Saturday, April 27, 2013

WI - Sturtevant Considering Sex Offender Ordinance

Original Article


By Heather Asiyanbi

Neighboring communities like Racine and Caledonia have ordinances governing where sex offenders can live. Sturtevant trustees are looking into having one as well.

Sturtevant trustees are looking into whether or not they should adopt an ordinance governing where sex offenders can live.

Trustee Chris Larsen said Tuesday during the Continual Committee meeting that he got the idea after learning about a similar ordinance in Caledonia and reading in The Journal Times about the efforts to pass one in the City of Racine.

"I just want to make sure that Sturtevant doesn't become the dumping ground for sex offenders in eastern Racine County," he said. "I'd like feedback on whether or not I should continue researching."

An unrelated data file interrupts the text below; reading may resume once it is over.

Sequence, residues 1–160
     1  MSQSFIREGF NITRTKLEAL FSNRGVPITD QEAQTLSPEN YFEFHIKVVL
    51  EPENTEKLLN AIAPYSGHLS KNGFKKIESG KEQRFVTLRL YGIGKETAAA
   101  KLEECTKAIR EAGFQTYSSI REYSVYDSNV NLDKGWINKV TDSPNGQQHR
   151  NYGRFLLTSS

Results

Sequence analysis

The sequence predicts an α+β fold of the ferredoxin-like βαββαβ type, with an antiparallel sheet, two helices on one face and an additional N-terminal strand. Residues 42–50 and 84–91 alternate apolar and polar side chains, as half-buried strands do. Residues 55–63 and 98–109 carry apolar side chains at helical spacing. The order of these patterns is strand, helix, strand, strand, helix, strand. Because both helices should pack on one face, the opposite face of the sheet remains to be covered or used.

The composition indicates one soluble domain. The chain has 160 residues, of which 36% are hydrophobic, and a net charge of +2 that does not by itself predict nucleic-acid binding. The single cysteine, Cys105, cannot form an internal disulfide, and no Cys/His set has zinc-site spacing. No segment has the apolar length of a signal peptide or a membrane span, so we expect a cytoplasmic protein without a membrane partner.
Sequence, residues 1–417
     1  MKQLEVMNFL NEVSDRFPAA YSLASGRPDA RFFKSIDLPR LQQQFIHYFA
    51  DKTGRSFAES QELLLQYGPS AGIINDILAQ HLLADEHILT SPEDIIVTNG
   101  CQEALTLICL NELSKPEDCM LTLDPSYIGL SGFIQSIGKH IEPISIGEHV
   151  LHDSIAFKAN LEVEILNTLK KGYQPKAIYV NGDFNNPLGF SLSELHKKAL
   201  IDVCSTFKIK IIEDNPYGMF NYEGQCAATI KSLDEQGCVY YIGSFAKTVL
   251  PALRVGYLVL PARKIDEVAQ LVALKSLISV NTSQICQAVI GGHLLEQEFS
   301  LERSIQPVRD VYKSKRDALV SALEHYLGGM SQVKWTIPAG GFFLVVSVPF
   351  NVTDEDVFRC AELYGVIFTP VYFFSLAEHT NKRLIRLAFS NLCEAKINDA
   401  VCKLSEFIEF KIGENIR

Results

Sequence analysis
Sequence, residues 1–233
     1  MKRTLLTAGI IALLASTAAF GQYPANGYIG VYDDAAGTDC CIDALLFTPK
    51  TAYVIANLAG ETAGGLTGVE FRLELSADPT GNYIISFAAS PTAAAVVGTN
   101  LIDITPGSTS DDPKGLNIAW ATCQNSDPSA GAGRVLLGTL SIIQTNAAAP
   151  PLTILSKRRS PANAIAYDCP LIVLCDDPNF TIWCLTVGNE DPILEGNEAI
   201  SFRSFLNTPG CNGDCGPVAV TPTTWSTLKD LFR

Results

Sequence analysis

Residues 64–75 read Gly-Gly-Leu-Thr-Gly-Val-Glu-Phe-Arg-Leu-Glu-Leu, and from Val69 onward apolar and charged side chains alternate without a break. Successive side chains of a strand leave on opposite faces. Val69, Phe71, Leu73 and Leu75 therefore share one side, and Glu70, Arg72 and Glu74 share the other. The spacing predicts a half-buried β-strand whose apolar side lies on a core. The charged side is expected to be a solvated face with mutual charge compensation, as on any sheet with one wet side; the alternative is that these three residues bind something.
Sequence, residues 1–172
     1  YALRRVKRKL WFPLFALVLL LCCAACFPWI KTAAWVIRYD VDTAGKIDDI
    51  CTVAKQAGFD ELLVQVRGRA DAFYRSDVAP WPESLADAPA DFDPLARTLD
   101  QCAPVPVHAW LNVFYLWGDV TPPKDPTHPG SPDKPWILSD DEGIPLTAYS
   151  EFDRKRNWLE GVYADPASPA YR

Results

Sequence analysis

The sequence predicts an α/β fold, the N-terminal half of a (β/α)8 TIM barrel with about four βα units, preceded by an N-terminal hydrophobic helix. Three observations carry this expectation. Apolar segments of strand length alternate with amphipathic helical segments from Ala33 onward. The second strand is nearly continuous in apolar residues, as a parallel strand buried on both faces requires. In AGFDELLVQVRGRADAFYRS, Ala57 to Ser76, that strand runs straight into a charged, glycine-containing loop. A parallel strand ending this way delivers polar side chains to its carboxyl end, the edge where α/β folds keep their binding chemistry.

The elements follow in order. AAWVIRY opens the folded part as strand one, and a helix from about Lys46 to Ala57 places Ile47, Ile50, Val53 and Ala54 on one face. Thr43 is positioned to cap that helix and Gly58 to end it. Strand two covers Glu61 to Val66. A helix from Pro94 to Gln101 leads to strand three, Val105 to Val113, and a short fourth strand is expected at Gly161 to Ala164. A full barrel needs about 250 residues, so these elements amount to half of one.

The ordinance Larsen is proposing would only apply to offenders determined by a court to be sexually violent who are released under the state's 980 commitment petition. That statute allows the state at the end of a convicted offender's prison sentence to petition the court to commit the offender to the Sand Ridge Secure Treatment Center in Mauston, WI.

Sturtevant Chief Sean Marschke cautioned trustees to be sure the state would have to comply with local ordinance.

"If the state doesn't have to comply with our ordianances with these cases, then it's not worth pursuing," he said.

Patch contacted the Department of Human Services to find out if the state does have to comply with local ordinances.

"Yes, the state does," wrote Claire Smith in an email response to our note.

In Caledonia, the following rules apply for violent offenders released under the state's 980 petition: